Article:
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Too Many Dogs?


Five of my adopted pups, from left to right. Ivy, Bounce (now deceased), Buster, Cody, Ty


A few years ago, I was walking through Murray Park with the five dogs I had at the time. All of them were focused on a tree with a little squirrel scurrying around it. The four little dogs were sitting, watching intently, and my big dog Cody was jumping as high as he could hoping that somehow he would take flight and get a hold of that little critter. It was a cute sight. Most people would walk by us, give a little laugh, and move on.


Cody, always hopeful that he can catch a squirrel!


As one older woman came shuffling by, she looked at my pack of squirrel hunters, asked if they were all mine, and informed me that I had too many dogs, and that Murray city only allowed two. She was wrong, and I told her Murray city's pet laws had changed and I could have as many as I wanted. To that she replied, "Well, I'm glad I'm not your neighbor!" And my response was, "Me too!"


Now, I have a sixth dog, unexpectedly, but she is part of the family and I love her. My two fifteen year old toy poodles are likely seeing their final year, unfortunately, but that's a reality I have to be okay with if I'm going to continue to rescue dogs. Rescue is how I ended up with six dogs in the first place. They all came from a shelter or rescue group at one point and somehow found their way to me. I feel extremely grateful that I have the ability to provide for them because that wasn't always the case.


(above) Buster, Cody and my newest dog, Banana, (right) Prince

When I fostered my first dog almost thirteen years ago, I was living in someone else's home who was kind enough to let me take in a little toy poodle named Prince. After a few months, I couldn't give him up, so I adopted him, but I still had a strong desire to help more dogs. It took a few years before I could get into my own home where I could take in whatever animals I wanted without worrying about bothering roommates or damaging anyone else's property. During those years, my heart ached for my own space. I continued to volunteer at the shelter and foster thanks to a wonderful landlord who allowed it, but I still felt limited by roommates, neighbors, and animal limitation laws.

I was so happy when I finally bought my own home and could live by myself with the 7 dogs I had accumulated by that time and a foster kitten who became a permanent resident. Now, I have six dogs and a cat, and when I tell people that, I get very mixed reactions. Crazy dog lovers wish they could have that many dogs, if they only had the space for it. Normal dog lovers who don't desire that many dogs wonder how I manage that many critters. And sometimes, people like that old lady at the park shame me for having too many dogs because that's too many for them and therefore, too many for everybody!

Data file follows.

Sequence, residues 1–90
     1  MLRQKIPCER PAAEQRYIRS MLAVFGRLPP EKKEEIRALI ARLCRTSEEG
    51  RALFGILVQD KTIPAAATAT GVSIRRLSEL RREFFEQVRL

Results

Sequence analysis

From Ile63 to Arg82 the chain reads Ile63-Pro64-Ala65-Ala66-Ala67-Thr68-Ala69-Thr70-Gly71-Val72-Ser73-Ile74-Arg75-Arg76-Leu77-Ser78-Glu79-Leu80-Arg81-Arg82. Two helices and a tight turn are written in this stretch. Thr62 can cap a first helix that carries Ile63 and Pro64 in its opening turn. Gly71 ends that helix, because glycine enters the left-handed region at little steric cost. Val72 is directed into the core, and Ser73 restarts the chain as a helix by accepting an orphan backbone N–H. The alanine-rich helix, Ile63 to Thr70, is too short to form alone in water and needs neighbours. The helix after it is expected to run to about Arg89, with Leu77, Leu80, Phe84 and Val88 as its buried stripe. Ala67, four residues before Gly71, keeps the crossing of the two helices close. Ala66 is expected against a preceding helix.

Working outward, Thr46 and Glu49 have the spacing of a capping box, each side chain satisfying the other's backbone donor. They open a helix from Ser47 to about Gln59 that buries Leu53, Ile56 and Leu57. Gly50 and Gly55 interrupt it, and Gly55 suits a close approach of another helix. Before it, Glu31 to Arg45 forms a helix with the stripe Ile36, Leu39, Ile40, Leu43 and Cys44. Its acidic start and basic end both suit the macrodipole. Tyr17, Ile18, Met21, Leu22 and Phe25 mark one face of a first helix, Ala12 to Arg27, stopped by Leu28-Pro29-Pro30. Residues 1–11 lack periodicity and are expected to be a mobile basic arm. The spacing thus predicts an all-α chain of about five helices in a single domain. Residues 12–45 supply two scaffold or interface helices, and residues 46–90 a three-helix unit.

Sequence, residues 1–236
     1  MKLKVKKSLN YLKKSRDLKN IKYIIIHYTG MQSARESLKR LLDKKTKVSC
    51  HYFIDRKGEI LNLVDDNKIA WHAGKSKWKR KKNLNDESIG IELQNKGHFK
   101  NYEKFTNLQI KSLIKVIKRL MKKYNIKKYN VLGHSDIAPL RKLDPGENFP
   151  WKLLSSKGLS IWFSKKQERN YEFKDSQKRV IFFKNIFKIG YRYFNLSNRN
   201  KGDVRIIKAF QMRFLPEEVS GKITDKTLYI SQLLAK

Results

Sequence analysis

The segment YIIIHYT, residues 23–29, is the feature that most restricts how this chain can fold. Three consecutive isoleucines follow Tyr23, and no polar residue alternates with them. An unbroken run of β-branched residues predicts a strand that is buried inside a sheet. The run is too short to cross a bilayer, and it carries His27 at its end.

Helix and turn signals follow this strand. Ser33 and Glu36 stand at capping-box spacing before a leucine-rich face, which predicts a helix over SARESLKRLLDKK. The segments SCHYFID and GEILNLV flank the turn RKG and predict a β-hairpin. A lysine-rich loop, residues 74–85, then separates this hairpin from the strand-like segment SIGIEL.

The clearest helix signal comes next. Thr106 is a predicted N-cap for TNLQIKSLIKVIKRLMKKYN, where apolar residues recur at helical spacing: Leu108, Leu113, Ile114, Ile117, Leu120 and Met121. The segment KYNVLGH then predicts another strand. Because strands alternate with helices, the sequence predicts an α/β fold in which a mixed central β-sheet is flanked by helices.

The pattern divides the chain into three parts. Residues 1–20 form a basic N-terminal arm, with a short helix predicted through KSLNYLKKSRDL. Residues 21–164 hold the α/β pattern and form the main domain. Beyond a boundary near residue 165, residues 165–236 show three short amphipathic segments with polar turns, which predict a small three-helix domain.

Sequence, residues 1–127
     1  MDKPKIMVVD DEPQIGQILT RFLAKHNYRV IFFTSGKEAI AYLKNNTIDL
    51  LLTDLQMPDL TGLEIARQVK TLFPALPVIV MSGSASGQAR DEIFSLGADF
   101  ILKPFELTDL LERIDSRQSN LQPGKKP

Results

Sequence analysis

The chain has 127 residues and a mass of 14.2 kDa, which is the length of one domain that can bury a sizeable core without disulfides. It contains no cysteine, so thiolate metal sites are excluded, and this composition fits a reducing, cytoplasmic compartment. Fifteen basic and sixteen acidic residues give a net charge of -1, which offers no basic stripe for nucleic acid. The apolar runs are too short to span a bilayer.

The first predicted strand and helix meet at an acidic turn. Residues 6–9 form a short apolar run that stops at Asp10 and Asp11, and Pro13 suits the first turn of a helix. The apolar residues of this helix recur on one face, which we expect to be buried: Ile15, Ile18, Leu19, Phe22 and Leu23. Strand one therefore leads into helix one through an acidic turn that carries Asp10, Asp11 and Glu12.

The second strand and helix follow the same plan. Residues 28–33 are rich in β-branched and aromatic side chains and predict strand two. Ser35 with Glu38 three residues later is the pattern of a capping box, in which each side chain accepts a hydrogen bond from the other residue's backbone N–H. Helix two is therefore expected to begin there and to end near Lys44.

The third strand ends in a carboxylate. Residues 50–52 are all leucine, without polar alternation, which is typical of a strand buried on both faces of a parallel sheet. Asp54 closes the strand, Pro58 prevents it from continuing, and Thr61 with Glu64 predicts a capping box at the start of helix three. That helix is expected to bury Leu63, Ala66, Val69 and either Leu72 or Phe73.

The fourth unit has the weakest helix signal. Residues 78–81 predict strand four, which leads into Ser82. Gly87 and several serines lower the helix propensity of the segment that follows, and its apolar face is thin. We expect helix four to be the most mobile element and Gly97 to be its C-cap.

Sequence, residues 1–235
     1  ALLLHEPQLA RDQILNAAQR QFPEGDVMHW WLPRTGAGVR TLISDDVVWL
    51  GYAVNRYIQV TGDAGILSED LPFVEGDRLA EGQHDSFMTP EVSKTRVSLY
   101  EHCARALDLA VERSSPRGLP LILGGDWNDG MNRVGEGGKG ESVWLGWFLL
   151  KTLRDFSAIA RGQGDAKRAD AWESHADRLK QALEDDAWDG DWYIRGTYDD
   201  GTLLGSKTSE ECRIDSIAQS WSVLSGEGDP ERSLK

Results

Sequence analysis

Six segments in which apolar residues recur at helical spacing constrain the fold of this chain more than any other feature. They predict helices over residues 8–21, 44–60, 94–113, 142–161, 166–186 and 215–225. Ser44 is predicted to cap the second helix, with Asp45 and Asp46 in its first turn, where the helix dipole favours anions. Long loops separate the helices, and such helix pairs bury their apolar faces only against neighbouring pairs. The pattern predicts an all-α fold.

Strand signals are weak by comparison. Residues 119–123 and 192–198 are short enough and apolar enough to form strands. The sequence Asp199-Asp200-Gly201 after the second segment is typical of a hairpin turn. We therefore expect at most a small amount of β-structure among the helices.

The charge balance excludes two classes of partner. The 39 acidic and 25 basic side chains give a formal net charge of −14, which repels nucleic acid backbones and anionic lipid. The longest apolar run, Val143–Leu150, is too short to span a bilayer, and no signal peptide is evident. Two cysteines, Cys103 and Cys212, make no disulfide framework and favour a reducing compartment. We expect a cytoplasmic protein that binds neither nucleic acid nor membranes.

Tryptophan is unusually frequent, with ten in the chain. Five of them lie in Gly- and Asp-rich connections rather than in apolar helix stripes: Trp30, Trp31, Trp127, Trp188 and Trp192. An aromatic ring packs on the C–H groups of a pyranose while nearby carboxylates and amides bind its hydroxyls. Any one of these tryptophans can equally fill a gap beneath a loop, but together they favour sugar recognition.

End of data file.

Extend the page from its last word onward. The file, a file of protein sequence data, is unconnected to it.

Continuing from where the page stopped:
During a training session learning to sit on a mat. (clockwise from bottom left) Bounce, Cody, Prince, Ivy, Buster, Ty


What do I think about having this many dogs? I LOVE IT! That's not to say it isn't hard and it certainly isn't for everybody. They are expensive, messy, time consuming, needy, and disgusting creatures. One of them wears diapers that need changed every few hours. Some mornings I am late getting out of the house because I'm cleaning up vomit, pee, poop, or tending to a wound. They are annoyingly loud when they hear a noise outside; they get into occasional fights with each other, they have to be separated at feeding, they need daily exercise and training, and I hate going overnight without them because I really miss them!


They follow me everywhere around the house, are unconditional in their love, are always excited to see me even if I'm only gone for two minutes, and make me laugh every day. I love knowing that I am providing a good life for my sweet dogs and cat and that I have the resources to do so. And I still have an urge to take in more! Unfortunately, I have reached my limit at my current home, but I am determined in the next few years to find a few acres with a bigger house where I can accommodate more animals including pigs and cows and whatever creatures that comes into my life.

I know that most people are not cut out to have this many pets at one time, and that's okay. Anyone who has even one dog or cat or parrot or guinea pig who is providing the best possible life for that one animal is contributing to the animal welfare cause, and that is commendable! Quality is definitely more important than quantity when it comes to caring for animals. They deserve to have good quality lives with an abundance of love and attention. Whether you have one pet or six, if you do your best to make sure they are loved and happy, you are doing your part.


Prince and my cat Taz enjoying a snuggle.


That said, there are so many sweet pets waiting for their forever homes, so if you do have the capacity to add even one more to your family, please consider it, and check with your local rescues or shelters first. They can guide you to finding the perfect pet that will fit in with your lifestyle and needs. If you're not in a position to add another pet to your home but you still want to help homeless pets, there are other ways to do so by volunteering or donating to a local shelter or rescue. There are so many in our area who could use your support!

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